The role of altered mitochondrial function in citrinin-induced toxicity to rat renal proximal tubule suspensions

Michael D. Aleo, Roger D. Wyatt, Rick G. Schnellmann

Research output: Contribution to journalArticlepeer-review

46 Scopus citations

Abstract

Citrinin (CTN), a mycotoxin produced by several species of Penicillium and Aspergillus, causes renal proximal tubule (RPT) cell injury and death by an unknown mechanism of action. Using suspensions of rat RPT, the cellular events preceding CTN-induced cytotoxicity were investigated. Tubule viability decreased in a concentration- and time-dependent manner after CTN exposure, with cell death beginning 1, 2, and 4 hr after exposure to 500, 125-250, and 63 μm CTN, respectively. Basal oxygen consumption (QO2) of RPT increased from 41 to 53 nmol O2 · mg protein-1 · min-1 30 min after exposure to 250 μm CTN and returned to control values 1 hr after exposure. A similar concentration- and time-dependent transitory rise in basal QO2 occurred at all concentrations of CTN tested (63-500 μm). Nystatin-stimulated QO2, an indirect measure of mitochondrial state 3 respiration in RPT, decreased 11% at 0.5 and 1 hr after exposure to 500 and 250 μm CTN, respectively, but was not affected after exposure to 63 and 125 μm CTN. Adenosine triphosphate content declined 22% to 48% in RPT at 0.5 and 1.5 hr after exposure to 500 and 125-250 μm CTN, respectively. Although lipid peroxidation occurred concurrently with RPT cell death, iron-mediated oxidative stress was not a causative factor in the development of toxicity since pretreatment with 1 mm deferoxamine prevented ironmediated lipid peroxidation but did not protect RPT from CTN-induced cell death. Further studies using RPT and isolated renal cortical mitochondria (RCM) showed that CTN had multiple effects on mitochondrial function. Direct probing of mitochondrial function within RPT showed that a 1-hr exposure to 250 μm CTN increased spontaneous respiration 55% in RPT respiring on the site I respiratory substrates glutamate/malate while state 3 respiration decreased 34%. CTN also decreased succinate supported respiration but had no effect on cytochrome c-cytochrome oxidase. With isolated RCM, a 3-min exposure to 125 and 250 μm CTN increased state 4 respiration in the absence of a phosphate acceptor 27 and 67%, respectively, while 250 μm CTN decreased state 3 respiration 23%. Respiration in the presence of a known uncoupler was reduced after CTN exposure (63-250 μm) in a concentration-dependent manner. These results indicate that CTN has multiple effects on mitochondrial function in RPT and isolated RCM which may contribute to the development of cell death in rat RPT.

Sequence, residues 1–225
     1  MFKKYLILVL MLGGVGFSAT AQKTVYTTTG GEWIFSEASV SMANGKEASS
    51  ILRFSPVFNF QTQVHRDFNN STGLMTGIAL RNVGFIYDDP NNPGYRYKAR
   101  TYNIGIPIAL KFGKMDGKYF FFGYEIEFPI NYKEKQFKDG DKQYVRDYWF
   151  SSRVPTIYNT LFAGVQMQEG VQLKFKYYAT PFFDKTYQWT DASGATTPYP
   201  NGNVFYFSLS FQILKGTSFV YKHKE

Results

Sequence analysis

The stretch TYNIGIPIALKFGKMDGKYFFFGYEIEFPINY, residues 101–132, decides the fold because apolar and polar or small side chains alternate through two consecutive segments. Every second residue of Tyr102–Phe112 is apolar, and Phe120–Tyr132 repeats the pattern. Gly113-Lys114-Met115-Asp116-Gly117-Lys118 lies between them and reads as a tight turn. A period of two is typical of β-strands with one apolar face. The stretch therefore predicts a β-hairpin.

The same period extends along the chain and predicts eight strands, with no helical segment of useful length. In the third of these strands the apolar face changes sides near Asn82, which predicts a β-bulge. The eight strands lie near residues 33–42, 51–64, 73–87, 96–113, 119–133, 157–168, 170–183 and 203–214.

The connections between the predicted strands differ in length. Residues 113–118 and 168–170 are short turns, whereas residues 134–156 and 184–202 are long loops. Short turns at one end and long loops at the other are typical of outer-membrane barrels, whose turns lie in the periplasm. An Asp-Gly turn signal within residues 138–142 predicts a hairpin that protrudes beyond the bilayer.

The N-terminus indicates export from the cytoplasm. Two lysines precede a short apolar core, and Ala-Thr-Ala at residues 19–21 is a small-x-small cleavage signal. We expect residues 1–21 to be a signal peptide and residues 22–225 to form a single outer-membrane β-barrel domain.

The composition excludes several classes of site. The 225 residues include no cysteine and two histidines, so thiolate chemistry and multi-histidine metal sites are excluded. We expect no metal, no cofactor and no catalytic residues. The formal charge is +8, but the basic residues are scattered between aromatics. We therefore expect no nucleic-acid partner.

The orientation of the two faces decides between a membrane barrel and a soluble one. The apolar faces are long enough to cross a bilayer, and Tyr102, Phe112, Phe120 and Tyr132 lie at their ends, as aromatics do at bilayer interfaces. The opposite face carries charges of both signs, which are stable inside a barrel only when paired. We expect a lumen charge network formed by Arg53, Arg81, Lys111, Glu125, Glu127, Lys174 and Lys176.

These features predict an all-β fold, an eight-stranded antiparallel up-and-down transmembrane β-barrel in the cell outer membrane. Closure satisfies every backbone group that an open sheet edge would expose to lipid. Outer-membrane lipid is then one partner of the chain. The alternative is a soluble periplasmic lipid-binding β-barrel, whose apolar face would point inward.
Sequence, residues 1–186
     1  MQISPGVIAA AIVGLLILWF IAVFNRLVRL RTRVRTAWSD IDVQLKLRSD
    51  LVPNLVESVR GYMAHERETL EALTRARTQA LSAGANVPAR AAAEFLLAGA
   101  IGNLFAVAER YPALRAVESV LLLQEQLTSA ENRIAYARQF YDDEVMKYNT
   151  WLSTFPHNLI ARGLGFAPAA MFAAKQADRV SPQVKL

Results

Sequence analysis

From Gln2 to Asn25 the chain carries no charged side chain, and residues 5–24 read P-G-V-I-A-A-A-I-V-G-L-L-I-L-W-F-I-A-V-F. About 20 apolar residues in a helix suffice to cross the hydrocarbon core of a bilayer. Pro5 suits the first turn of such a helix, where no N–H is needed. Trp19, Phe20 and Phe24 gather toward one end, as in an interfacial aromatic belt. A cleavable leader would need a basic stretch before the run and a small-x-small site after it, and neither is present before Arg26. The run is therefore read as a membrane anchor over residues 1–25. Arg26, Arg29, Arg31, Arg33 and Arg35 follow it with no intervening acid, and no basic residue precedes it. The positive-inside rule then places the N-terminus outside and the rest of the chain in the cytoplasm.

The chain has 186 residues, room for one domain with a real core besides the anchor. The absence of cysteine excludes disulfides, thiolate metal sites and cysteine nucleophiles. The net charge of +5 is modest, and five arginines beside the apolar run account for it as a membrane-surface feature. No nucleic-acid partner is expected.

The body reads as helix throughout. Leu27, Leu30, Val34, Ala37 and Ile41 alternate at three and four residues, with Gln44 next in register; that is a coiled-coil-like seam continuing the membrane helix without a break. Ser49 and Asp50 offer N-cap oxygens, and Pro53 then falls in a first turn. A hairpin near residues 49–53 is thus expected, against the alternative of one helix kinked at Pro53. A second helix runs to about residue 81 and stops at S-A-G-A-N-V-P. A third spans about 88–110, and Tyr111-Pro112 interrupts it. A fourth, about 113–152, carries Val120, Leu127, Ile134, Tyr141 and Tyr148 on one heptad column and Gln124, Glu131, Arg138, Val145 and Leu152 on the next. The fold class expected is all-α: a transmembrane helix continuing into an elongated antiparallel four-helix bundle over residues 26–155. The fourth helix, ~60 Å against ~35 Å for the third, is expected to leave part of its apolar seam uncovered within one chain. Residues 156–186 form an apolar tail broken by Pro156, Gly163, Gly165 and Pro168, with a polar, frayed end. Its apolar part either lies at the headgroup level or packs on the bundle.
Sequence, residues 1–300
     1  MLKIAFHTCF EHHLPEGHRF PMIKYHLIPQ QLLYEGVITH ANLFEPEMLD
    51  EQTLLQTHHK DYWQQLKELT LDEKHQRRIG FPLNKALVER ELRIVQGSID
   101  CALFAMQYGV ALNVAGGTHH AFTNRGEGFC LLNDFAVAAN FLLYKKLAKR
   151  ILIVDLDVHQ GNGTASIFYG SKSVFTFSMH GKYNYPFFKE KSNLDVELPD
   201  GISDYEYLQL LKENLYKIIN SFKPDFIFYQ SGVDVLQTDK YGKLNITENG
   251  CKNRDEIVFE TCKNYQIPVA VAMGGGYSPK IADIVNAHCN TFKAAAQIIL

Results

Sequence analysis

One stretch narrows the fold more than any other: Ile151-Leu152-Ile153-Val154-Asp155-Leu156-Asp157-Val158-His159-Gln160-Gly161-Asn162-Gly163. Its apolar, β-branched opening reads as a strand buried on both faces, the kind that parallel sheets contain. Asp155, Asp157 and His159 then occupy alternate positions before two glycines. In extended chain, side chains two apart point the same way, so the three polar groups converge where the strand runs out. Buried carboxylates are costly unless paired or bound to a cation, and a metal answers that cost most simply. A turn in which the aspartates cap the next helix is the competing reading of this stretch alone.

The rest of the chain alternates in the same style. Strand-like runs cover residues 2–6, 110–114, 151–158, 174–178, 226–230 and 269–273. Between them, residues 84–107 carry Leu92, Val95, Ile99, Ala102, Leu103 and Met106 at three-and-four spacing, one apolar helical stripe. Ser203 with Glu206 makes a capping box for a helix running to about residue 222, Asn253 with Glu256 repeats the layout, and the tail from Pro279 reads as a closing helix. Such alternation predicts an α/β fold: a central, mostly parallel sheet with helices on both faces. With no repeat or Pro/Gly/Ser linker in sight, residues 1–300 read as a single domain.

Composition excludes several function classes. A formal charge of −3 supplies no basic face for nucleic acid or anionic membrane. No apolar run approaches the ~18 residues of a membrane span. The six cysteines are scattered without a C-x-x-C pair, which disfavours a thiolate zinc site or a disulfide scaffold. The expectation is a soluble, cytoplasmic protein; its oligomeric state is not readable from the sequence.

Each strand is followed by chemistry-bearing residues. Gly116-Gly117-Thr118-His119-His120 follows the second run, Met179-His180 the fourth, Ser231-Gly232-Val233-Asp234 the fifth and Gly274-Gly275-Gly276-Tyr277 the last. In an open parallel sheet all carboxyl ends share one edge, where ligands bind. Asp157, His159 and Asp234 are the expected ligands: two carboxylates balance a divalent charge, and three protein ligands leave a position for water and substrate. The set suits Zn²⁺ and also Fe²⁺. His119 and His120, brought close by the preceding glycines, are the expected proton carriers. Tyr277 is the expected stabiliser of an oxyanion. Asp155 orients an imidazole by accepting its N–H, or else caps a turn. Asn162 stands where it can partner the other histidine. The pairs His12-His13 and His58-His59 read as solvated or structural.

Original languageEnglish (US)
Pages (from-to)455-463
Number of pages9
JournalToxicology and Applied Pharmacology
Volume109
Issue number3
DOIs
StatePublished - Jul 1991
Externally publishedYes

ASJC Scopus subject areas

  • Toxicology
  • Pharmacology

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